MLS Tactical Analysis: Houston Dynamo vs LA Galaxy 3:2

Houston Dynamo

23. Willis / 11. Wenger, 3. Machado, 2. Fuenmmayor, 7. Beasley / 6. Alexander, 24. Ceren / 17. Elis, 10. Martinez, 31. Quioto / 9. Manotas

LA Galaxy

1. Bingham / 4. Romney, 28 Ciani, 16. Skjelvik 3. Cole / 2. Kitchen, 17. Lletget / 7. Alessandrini, 10. Giovani, 11. Kamara / 9. Ibrahimovic

Sigi Schmid couldn’t decide the optimal formation and starting 11 for LA Galaxy, but Houston Dynamo risked losing two points with their lack of offensive prowess.

LA Galaxy’s struggle in the defense

LA started in a 4-2-3-1 and defended in a 4-4-2 with Giovani dos Santos and Zlatan Ibrahimovic forming the first line. The host pressed high in the early period of the game, but its players didn’t synchronize their movements, and they pressed without enough pressure:



LA’s initial presser often pressed the ball handler without considering whether his teammates could support him or not. He confronted the opponent’s player too soon, and his teammates were not in the positions to cover him or close out the potential pass receivers. Houstons’ ball handler could find space or an opening to escape the pressure. By the time the secondary pressers arrived, Houston’s ball receivers had already surveyed the possible options. Because LA’s supporting pressers needed to move out of the midfield, they left a lot of space behind. Houston’s players could find their attackers in front of LA defenders. Tomas Martinez, Alberth Elis, Romell Quioto could run directly at LA’s last line of the defense. The first goal resulted from a similar play after two minutes from the start.

LA intended to defend in three lines, but Giovani and Ibrahimovic didn’t care about their defending tasks, and LA ended up defending with only two banks of four as a 4-4-0:



As the game went on, LA stopped pressing with high pressure. Their confrontational line sat in the midfield. Houston’s could control the possession close to the half-line. Giovani and Ibrahimovic often ball-watched so Houston’s center backs and double pivots could circulate the ball between the flanks and probe for a mistake in LA’s defense. They also received minimal pressure when making an entry pass to initiate the transition into the attack. When LA’s midfielders moved out of the second line of the defense, they again left too much space behind without any cover. Elis and Quioto also stayed close to the sidelines to provide width for the attack. Their teammates could always find them isolated in 1 vs. 1 situations against LA’s fullbacks. They created the free kick that led to the second goal in one of these situations.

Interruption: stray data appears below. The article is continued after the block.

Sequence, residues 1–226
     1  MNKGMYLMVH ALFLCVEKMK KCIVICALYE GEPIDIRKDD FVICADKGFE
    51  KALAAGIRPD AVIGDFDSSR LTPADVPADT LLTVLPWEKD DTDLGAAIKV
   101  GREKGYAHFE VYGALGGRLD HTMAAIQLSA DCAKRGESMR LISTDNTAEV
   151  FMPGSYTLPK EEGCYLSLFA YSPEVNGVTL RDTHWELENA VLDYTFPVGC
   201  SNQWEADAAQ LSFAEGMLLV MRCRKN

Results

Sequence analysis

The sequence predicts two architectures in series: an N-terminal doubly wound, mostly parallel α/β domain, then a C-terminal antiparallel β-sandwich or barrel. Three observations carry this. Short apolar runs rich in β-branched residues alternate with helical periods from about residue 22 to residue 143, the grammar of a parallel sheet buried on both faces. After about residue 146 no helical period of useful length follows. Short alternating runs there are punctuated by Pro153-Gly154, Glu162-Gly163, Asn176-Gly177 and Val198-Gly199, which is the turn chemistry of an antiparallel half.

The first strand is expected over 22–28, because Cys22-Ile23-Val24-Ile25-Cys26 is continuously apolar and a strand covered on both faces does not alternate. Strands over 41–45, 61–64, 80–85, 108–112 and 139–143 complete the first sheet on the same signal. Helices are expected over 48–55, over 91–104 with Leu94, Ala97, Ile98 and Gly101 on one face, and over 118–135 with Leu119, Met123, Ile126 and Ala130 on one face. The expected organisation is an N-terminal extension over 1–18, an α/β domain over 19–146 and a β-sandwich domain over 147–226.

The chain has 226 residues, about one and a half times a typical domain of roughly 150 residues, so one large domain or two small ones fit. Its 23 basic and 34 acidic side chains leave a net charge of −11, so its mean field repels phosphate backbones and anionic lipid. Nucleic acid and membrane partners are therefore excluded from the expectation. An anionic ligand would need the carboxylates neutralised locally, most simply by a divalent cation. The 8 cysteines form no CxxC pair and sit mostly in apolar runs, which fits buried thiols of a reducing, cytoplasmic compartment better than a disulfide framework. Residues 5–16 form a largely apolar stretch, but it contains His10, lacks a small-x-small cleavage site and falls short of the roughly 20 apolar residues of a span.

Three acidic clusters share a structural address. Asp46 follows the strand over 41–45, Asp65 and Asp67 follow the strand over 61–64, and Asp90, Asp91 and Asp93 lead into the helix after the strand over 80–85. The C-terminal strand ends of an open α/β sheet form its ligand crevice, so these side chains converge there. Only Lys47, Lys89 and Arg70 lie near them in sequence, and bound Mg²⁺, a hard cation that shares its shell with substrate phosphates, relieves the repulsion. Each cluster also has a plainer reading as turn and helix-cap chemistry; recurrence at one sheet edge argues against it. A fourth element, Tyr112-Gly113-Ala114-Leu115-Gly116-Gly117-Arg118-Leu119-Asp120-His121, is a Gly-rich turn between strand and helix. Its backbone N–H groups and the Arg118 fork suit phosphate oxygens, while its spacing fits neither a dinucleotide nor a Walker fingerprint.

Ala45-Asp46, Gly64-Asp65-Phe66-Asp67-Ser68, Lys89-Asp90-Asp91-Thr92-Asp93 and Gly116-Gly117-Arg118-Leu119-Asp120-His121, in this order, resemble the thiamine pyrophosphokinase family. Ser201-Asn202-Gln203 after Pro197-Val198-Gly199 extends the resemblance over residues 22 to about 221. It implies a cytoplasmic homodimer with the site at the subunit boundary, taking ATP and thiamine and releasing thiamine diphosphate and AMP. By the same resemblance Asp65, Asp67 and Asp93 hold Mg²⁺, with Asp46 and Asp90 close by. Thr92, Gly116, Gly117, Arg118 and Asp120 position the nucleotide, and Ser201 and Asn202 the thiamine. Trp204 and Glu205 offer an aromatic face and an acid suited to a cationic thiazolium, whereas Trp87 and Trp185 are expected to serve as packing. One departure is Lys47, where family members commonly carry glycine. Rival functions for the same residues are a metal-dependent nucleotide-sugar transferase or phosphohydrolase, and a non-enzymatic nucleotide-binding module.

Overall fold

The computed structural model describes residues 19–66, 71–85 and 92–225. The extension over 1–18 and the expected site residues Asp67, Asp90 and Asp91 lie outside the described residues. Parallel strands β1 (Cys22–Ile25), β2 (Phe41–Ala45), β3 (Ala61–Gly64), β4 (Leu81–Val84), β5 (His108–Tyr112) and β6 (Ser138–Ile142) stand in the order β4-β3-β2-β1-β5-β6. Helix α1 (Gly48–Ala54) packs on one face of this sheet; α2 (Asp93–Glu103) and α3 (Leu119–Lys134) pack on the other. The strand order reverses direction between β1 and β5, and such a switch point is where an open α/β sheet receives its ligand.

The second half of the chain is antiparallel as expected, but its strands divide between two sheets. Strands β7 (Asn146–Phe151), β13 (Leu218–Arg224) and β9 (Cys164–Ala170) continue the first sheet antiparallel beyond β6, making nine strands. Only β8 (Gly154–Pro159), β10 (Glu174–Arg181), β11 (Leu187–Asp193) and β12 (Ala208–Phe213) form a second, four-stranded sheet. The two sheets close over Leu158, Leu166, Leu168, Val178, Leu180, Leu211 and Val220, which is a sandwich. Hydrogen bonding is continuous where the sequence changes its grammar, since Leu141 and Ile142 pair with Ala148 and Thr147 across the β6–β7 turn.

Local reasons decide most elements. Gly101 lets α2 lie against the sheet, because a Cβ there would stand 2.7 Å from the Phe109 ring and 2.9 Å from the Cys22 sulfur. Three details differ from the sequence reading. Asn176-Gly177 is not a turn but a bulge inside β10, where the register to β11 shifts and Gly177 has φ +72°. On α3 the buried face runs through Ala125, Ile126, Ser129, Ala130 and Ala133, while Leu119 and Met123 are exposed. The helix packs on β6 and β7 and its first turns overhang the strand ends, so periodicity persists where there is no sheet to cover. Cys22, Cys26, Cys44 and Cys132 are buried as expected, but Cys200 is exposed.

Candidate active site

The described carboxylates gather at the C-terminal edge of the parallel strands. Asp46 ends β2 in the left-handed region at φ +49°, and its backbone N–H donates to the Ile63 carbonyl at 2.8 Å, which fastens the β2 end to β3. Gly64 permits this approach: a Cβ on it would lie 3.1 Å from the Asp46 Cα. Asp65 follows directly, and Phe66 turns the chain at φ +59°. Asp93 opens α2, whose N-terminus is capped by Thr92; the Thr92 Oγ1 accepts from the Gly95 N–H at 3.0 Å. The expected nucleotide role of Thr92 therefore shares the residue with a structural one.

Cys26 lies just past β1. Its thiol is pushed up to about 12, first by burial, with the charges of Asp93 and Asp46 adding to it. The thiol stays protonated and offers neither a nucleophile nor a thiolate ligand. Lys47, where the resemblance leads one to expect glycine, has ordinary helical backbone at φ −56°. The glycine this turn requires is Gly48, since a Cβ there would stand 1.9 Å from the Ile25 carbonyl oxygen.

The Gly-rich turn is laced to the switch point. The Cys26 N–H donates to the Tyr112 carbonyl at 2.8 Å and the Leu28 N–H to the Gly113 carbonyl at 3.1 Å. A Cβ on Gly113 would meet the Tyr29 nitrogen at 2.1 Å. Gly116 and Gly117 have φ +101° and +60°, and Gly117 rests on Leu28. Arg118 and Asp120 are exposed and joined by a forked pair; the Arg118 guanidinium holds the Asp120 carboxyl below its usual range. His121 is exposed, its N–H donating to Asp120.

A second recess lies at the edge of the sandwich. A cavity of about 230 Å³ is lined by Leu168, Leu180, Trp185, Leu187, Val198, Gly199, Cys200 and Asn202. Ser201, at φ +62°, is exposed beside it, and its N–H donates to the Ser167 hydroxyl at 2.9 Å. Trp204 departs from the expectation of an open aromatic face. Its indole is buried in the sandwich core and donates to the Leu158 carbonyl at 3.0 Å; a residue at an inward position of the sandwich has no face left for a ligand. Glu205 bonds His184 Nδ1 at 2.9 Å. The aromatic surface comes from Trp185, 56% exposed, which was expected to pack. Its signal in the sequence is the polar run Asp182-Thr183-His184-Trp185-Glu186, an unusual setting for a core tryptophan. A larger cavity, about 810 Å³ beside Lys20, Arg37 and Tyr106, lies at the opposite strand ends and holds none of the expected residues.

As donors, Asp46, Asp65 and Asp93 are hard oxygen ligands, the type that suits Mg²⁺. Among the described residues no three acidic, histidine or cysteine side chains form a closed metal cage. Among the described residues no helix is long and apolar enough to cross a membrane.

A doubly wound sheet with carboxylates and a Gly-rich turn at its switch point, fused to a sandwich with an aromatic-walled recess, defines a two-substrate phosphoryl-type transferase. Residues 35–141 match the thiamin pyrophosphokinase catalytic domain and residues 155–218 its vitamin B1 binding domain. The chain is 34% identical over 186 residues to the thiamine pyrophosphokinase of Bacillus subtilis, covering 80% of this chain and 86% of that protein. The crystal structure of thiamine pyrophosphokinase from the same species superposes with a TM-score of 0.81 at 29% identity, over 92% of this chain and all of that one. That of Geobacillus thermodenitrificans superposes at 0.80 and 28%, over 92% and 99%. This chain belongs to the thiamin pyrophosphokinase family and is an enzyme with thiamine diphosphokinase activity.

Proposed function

LA played in two units without a connection between them

LA didn’t have a proper mechanism to transition into the attacking phase in the early period of the first half; Perry Kitchen and Sebastian Lletget lack the characteristic to dictate play. The two midfielders didn’t have the passing range and skill to let their teammates move into the attacking positions and connected with them. Lletget has a decent dribble, but he focuses on the penetration than transferring the ball to his teammates. Ibrahimovic, Giovani, Ola Kamara, and Romain Alessandrini all wanted to attack and stayed in front of Houston’s defenders but not helped to advance the ball. LA attacked in a 4-2-4. The defenders and the double pivots could only pass to the attackers with a long ball. They separated into two units with a back six and a front four. Most of LA’s long passes were not successful. Because LA’s two units had a significant distance between them, they couldn’t carry out a robust counter-pressing to retrieve the ball. Ibrahimovic and Giovani also almost never attack the loose ball after losing the possession:


Houston’s players could always counter-attack because no one pressured them after the defense-to-offense transition. LA’s back unit couldn’t cover all of the available space. Houston’s attackers found a lot of opportunities to attack, but their lack of offensive quality prevented them from taking advantage of these chances. LA lost the control of the game with a lack of connection between the defenders and the attackers; even when they could find the attackers in the offensive phase, their fullbacks and central midfielders stayed too far away to support the attack: